Date of Degree

9-2015

Document Type

Dissertation

Degree Name

Ph.D.

Program

History

Advisor(s)

David Troyansky

Subject Categories

European History | History | Religion

Keywords

Catholic; Imperialism; Martyr; Martyrdom; Napoleon III; Second Empire

Abstract

This dissertation examines the lives and political significance of five French Catholic priests who were murdered between 1848 and 1871. Using French newspapers, printed religious texts and pamphlets, hagiographic biographies and other sources, I show the many ways in which French priests were wittingly and unwittingly used by the French Second Republic (1848-52), Second Empire (1852-70) and the Paris Commune (1871) and Third Republic (1870-1940). Archbishop of Paris Denis Auguste Affre (1848), Saint Augustin Schoeffler (1851), Archbishop of Paris Marie-Dominique-Auguste Sibour (1857), Saint Théophane Vénard (1861), and Archbishop of Paris Georges Darboy (1871) were all killed more for their relationship to the French state than for their religious beliefs. In mid-nineteenth-century France, martyrdom served as a powerful cultural symbol demarcating good and evil and identifying appropriate targets for violence. Despite the ultimately secular causes of their deaths, all of the murdered priests discussed (except Sibour) were called martyrs by those who found them inspiring, motivating and useful and were subsequently used as pretexts for asymmetrical violence visited upon those held accountable for their murder, only contributing to their reputation as members of an imperial priesthood. I show how a series of political decisions made in the 1850s by French Catholics allied with the archbishops of Paris increasingly tied institutional French Catholicism to the government of the Second Empire for its survival. But by tying themselves ever closer to the empire, the archbishops of Paris became vulnerable to changing attitudes towards the empire itself. When the Franco-Prussian War (1870-1) swept the empire away the government that followed (ultimately as the Third Republic) seemed ready to scapegoat Paris for all French woes. In desperation, members of the Paris Commune (1871) expressed their frustration at the previous decades with the demolition of imperial symbols, including the imperial priesthood itself.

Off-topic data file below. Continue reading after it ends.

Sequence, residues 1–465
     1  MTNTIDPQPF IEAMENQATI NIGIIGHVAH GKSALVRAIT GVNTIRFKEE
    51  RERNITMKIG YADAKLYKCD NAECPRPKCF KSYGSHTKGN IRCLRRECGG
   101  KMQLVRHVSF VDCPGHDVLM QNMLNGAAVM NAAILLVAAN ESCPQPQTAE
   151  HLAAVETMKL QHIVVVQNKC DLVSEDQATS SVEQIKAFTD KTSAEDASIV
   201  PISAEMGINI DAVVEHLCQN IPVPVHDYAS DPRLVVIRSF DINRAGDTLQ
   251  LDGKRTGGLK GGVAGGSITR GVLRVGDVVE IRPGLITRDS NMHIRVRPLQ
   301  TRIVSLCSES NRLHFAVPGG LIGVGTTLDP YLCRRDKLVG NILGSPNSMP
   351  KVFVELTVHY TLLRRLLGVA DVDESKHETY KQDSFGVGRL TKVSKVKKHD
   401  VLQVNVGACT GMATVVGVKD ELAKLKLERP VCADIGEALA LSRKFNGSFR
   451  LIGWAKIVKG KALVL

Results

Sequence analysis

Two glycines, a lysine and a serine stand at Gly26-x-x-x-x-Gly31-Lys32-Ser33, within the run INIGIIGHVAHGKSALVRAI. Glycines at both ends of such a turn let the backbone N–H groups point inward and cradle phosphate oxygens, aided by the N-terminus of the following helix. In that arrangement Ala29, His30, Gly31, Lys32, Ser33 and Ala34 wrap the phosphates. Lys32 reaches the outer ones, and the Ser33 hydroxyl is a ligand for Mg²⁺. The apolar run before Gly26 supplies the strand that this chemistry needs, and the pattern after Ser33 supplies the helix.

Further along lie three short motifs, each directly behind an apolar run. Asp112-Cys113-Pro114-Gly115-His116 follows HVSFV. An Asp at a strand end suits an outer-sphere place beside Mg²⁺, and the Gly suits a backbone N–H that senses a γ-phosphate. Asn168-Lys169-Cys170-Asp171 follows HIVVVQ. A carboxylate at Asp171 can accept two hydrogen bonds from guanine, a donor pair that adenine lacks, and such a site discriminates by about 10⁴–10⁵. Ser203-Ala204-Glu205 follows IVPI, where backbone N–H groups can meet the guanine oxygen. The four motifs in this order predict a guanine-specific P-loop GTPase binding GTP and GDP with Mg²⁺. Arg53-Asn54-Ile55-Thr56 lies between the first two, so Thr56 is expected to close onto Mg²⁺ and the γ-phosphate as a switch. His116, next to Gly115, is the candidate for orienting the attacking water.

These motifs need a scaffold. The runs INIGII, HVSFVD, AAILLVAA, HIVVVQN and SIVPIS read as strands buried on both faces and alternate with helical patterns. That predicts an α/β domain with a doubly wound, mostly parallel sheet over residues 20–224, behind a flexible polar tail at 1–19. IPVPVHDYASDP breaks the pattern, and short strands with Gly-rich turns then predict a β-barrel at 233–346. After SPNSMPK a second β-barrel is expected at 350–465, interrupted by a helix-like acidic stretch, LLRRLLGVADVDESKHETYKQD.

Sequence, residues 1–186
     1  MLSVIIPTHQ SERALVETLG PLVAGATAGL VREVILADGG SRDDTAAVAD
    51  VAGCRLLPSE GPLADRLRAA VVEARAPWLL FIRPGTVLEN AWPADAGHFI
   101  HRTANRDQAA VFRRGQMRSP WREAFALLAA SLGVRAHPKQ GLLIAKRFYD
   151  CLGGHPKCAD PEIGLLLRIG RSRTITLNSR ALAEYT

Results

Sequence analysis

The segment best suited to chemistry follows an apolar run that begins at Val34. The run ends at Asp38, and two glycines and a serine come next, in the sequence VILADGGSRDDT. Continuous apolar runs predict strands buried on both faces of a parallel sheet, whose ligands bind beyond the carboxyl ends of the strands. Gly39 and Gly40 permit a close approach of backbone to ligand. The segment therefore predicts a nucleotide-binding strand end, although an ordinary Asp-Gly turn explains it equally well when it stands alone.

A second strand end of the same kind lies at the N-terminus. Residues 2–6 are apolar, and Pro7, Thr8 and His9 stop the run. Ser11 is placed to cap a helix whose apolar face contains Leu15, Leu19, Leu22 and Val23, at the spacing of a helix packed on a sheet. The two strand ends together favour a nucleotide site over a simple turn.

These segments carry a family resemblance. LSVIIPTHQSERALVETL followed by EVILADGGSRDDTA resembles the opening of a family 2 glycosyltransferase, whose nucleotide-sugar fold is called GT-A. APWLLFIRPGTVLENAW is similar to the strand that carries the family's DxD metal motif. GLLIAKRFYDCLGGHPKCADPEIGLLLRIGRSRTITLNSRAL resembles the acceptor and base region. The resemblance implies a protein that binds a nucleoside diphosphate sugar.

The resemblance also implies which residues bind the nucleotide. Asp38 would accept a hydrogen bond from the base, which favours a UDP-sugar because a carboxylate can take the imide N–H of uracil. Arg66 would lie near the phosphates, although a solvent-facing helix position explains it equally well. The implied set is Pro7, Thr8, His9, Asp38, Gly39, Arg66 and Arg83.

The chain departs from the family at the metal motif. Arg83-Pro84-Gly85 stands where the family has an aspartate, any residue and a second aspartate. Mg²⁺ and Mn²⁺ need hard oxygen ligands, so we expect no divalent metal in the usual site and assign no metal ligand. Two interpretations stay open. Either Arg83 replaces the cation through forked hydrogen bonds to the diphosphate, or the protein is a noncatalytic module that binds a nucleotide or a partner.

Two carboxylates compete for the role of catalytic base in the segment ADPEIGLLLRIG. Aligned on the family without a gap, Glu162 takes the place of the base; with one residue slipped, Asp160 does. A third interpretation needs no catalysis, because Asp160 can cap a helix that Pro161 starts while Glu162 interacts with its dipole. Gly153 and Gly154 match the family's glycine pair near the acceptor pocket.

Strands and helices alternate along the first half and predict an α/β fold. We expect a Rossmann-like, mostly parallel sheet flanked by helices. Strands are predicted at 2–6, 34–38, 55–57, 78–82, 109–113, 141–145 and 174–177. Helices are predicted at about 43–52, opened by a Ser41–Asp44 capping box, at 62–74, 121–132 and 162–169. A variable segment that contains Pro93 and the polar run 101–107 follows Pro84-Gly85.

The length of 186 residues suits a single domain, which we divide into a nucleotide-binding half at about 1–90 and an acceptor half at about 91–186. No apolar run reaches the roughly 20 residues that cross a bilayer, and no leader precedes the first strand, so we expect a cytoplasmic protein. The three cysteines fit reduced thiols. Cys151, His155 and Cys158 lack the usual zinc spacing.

To view the content in your browser, please download Adobe Reader or, alternately,
you may Download the file to your hard drive.

NOTE: The latest versions of Adobe Reader do not support viewing PDF files within Firefox on Mac OS and if you are using a modern (Intel) Mac, there is no official plugin for viewing PDF files within the browser window.